Photo by Mike Lynch
A view of the Great Range from the shoulder of Noonmark Mountain.
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There were hiking parties signed up for Sawteeth, Armstrong, Upper AuSable Lake and Nippletop in the trail register near the Adirondack Mountain Reserve gate when Embark editor Morgan Ryan and I signed in on a Saturday morning in mid-December.

None of the groups listed Dial as their destination, which is where we headed.

There were hikers headed to Dial Mountain -- as we would learn later as we passed them on the trail -- but only as part of a longer loop that went over Nippletop, whose peak is a little more than 2 miles from Dial\'s.

That was fine with us. We weren\'t looking for crowds anyway.

We did expect to find more people signed in at the trail register, though, because there was a decent amount of vehicles in the parking lot. We speculated that many of them probably went up Giant Mountain, whose trailhead is a short walking distance from that parking lot. You just have to walk across state Route 73 to get there.

On this particular day, as we started our trip, the one question we had was whether or not to tote snowshoes with us. We both knew there had been barely any snow recently, but it seemed unfathomable to me that there wouldn\'t be any at the higher elevations this late in the year. So we tied our snowshoes to our backpacks, figuring it would be good practice for later in the season, even if there wasn\'t any snow. We also each brought along a pair of microspikes, which later came in extremely handy on the icy uphill sections.

I should mention that our hike started on the Adirondack Mountain Reserve property, which is home to the AuSable Club and is private land. Hikers are allowed to use the road and trails because the state has an easement on them. The Adirondack Mountain Reserve was created in the late 1800s to preserve the land from being logged. The site of the large clubhouse -- which you walk by -- was actually home to the Beede Hotel, which burned to the ground during that same era.

To get to the trail to Dial, we walked down Lake Road about three-quarters of a mile, then we headed left into the woods on the trail to Dial and Nippletop. The turnoff was marked by a green sign with white letters.

We started heading uphill shortly after leaving the road and quickly noticed that the trail was pretty slick. From there on, we put on our microspikes, only taking them off for the final section on the Lake Road at the end of the day.

There was only a dusting of snow in the woods, similar to what you might find in late October. Brown leaves and downed limbs pushed up through a thin layer. To our left, we could hear the sound of running water in a nearby brook.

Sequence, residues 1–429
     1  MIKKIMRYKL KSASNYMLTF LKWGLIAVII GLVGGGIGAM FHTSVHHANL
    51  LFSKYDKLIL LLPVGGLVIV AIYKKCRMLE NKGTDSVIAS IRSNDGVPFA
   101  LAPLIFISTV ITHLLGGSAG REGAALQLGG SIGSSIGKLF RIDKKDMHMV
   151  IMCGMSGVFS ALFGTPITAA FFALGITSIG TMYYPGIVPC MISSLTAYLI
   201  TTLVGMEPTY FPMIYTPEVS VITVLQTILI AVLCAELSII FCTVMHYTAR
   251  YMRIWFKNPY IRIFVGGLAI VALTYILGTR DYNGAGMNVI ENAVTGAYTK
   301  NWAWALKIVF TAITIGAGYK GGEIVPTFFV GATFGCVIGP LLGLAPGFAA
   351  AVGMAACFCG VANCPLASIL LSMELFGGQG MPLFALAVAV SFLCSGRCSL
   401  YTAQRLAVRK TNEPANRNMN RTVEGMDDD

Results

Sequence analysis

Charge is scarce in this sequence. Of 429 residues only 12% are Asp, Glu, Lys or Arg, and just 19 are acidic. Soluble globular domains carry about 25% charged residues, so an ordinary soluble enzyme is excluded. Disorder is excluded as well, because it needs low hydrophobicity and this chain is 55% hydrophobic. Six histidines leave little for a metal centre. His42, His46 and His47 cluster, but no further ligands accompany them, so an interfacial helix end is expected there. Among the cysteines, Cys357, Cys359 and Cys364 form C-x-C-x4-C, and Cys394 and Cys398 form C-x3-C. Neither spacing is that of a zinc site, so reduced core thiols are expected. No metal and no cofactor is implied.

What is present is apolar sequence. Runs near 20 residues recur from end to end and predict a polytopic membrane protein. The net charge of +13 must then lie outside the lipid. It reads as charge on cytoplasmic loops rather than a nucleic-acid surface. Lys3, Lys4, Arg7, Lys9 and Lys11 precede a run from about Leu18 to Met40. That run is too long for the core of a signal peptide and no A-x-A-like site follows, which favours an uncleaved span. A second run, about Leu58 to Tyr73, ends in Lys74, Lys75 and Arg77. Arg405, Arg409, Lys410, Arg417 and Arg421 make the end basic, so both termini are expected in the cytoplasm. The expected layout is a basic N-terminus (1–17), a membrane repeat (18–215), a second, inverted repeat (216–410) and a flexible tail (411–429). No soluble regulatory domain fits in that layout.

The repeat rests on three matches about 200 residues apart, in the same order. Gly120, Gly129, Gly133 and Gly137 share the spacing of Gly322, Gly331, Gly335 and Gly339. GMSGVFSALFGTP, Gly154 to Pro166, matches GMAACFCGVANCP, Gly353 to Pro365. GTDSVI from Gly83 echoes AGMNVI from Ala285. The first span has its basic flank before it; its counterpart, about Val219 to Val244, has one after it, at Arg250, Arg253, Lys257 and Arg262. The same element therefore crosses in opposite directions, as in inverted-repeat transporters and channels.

Dial isn\'t one of the taller Adirondack mountains. It\'s only 4,020 feet high, making it the 41st tallest of the 46 High Peaks. But on our way to Dial, we did have to climb two other uphill sections: the shoulder of Noonmark and then Bear Den Mountain. That adds some elevation gain to the trip.

A little less than a mile from Lake Road, we entered state Forest Preserve land. This short uphill section is on a shoulder of Noonmark Mountain, which had been burned by a 90-acre forest fire in the summer of 1999. The sections that were singed are now covered with saplings or bare.

Prior to getting to the top of this hill, we found ourselves on a stretch of trail that was extremely wet. A small stream, covered by thin ice in places, ran over where we should have been placing our feet. Instead, we were forced to hop rock to rock or find solid footing on the side of the trail. Luckily, we escaped without plunging our feet in the water, which would have been problematic since temperatures were hovering around freezing.

After making our way through this section, we found one of the best parts of the hike. As you start to head downhill again, there\'s a good view of the Great Range and other High Peaks to the northwest. The best viewing area is slightly off the trail to the right if you\'re heading toward Dial like we were. The flat, rocky area has some burnt logs strewn about. From here, you can also see Bear Den Mountain, Dial and Nippletop.

If you\'re the type of person who just wanted a moderate hike, you could stop here. There\'s a good spot to relax, and the views are great. It\'s a little less than 2.5 miles from the AMR gate to this spot.

But if you want to continue on like we did, you\'ll have to climb over the 3,423-foot Bear Den Mountain before even starting up Dial. There\'s not much of a view on Bear Den or Dial as you\'re heading up them. For the most part, the hike is in a wooded forest, which could be good for those windy winter days.

During the last stretch of Dial, we saw three other small parties of hikers. They appeared to have all started at about the same time that morning (earlier than us) and had chosen to do a loop hike in the area that takes you over Nippletop and then Dial.

When we finally did reach the top of Dial, we were welcomed with a spectacular view of the Great Range from atop a boulder. This is considered North Dial. There is also a South Dial peak, but it doesn\'t have any views. We didn\'t bother heading over to South Dial. We were content to stop here and enjoy the view. Plus, there wasn\'t enough daylight to continue forward and then finish up our trip.